By Leah Sander
WARSAW — Zimmer Biomet honored fallen service members on Thursday, May 27, ahead of the Memorial Day weekend.
The company’s Veterans Resource Group had a Memorial Day wreath-laying ceremony outside the company’s corporate headquarters in downtown Warsaw. This is the third year the company’s had such an event.
The wreath ceremony was in honor of late Kentucky Army National Guard Staff Sgt. Brock Beery and other service members who sacrificed their lives.
Beery, who was originally from Warsaw and also served in the Indiana Army National Guard, was killed on March 23, 2006, near Habbaniyah, Iraq, while serving during Operation Iraqi Freedom.
He received the Bronze Star Medal, the Purple Heart, the Kentucky Distinguished Service Medal, the Army Good Conduct Medal and the Combat Infantry Badge.
Beery’s parents, Pamela Beery and Roger Beery, and brother Joel Beery, attended the unveiling of the wreath.
“The pain doesn’t ever go away, but it gets easier,” Pamela Beery told InkFreeNews afterward.
The Zimmer Biomet Foundation presented a $2,000 check in Staff Sgt. Brock Beery’s name to Welcome Home Vietnam Veterans Indiana Gold Star President Jill Fewell.
The organization works on “keeping Gold Star families in the minds of … Hoosiers,” Fewell told InkFreeNews. Gold Star families are survivors of a service member killed related to combat.
Zimmer Biomet Office Coordinator and Veterans Resource Group Community Lead and Air Force veteran Cat Bowers spoke during the event.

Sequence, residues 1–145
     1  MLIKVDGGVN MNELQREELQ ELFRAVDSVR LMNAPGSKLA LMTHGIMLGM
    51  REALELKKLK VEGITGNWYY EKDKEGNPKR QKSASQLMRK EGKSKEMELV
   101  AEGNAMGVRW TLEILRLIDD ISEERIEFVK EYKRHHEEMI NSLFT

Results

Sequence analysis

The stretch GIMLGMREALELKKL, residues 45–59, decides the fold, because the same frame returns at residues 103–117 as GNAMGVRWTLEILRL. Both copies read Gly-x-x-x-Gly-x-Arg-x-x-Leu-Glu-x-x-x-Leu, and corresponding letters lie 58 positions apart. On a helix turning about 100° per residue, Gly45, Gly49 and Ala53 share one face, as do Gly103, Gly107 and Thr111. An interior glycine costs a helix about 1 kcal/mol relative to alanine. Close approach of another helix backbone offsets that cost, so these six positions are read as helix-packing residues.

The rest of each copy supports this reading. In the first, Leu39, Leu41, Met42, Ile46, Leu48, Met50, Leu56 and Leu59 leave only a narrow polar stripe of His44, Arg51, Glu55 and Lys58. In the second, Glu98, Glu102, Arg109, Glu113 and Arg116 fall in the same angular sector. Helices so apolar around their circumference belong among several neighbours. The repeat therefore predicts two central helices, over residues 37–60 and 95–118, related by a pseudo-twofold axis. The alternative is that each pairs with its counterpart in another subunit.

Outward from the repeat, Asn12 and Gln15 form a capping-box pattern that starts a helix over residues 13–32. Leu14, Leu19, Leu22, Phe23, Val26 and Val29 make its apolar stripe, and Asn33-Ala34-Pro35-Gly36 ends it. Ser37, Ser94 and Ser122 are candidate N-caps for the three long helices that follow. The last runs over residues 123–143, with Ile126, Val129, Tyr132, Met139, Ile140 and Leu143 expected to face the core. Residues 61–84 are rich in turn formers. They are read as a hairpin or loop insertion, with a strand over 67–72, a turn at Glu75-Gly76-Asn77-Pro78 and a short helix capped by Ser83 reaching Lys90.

She shared the story of Army Sgt.1st Class Alwyn Cashe, who will be the first black service Medal of Honor recipient. He died in 2005 after being severely burned while rescuing fellow service members from a burning vehicle that struck a bomb.
“He also insisted on being the last person to be medically evacuated,” Bowers said of Cashe.
She also spoke of Army Capt. Florent Groberg.
Groberg received the Medal of Honor for putting himself between fellow service members and a suicide bomber in Afghanistan in 2012.
Groberg suffered severe injuries when the bomb exploded.
“He said, ‘In combat, there might be a moment when you have to make a decision that will more than likely determine whether or not you live or die. If you’re willing to put yourself in front of that bullet and in front of a suicide bomber, in front of a mortar, in front of anything that’s going to kill you, you’re doing that for the love of your soldiers,'” she said.
“The harsh reality of war and military service in general is that not everyone will make it home. Let us honor the memories of the heroes that are no longer with us today and let us strive to live up to the example that they set as such selfless patriots and be that every day,” she said.
To view the full video of the ceremony, click here.